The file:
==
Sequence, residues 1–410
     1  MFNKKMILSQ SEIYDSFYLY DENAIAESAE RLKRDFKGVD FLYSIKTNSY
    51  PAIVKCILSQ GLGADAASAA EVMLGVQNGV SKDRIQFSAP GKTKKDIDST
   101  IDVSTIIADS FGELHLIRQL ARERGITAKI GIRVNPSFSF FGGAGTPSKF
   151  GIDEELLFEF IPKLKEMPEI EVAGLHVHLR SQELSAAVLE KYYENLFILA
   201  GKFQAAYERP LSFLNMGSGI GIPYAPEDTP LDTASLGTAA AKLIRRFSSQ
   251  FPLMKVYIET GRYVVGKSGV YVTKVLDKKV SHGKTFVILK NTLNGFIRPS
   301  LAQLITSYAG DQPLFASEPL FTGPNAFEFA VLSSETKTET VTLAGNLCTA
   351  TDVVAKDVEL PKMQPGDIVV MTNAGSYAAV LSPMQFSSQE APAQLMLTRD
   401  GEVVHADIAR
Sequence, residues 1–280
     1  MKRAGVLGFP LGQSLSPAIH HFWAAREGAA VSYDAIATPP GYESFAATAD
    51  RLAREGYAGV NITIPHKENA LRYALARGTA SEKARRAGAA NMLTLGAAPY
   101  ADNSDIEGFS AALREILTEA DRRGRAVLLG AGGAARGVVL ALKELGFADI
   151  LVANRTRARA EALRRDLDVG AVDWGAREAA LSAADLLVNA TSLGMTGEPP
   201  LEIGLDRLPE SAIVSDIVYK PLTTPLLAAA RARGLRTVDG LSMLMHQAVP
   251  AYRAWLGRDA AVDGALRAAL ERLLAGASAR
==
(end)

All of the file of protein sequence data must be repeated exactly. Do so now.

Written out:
Sequence, residues 1–410
     1  MFNKKMILSQ SEIYDSFYLY DENAIAESAE RLKRDFKGVD FLYSIKTNSY
    51  PAIVKCILSQ GLGADAASAA EVMLGVQNGV SKDRIQFSAP GKTKKDIDST
   101  IDVSTIIADS FGELHLIRQL ARERGITAKI GIRVNPSFSF FGGAGTPSKF
   151  GIDEELLFEF IPKLKEMPEI EVAGLHVHLR SQELSAAVLE KYYENLFILA
   201  GKFQAAYERP LSFLNMGSGI GIPYAPEDTP LDTASLGTAA AKLIRRFSSQ
   251  FPLMKVYIET GRYVVGKSGV YVTKVLDKKV SHGKTFVILK NTLNGFIRPS
   301  LAQLITSYAG DQPLFASEPL FTGPNAFEFA VLSSETKTET VTLAGNLCTA
   351  TDVVAKDVEL PKMQPGDIVV MTNAGSYAAV LSPMQFSSQE APAQLMLTRD
   401  GEVVHADIAR
Sequence, residues 1–280
     1  MKRAGVLGFP LGQSLSPAIH HFWAAREGAA VSYDAIATPP GYESFAATAD
    51  RLAREGYAGV NITIPHKENA LRYALARGTA SEKARRAGAA NMLTLGAAPY
   101  ADNSDIEGFS AALREILTEA DRRGRAVLLG AGGAARGVVL ALKELGFADI
   151  LVANRTRARA EALRRDLDVG AVDWGAREAA LSAADLLVNA TSLGMTGEPP
   201  LEIGLDRLPE SAIVSDIVYK PLTTPLLAAA RARGLRTVDG LSMLMHQAVP
   251  AYRAWLGRDA AVDGALRAAL ERLLAGASAR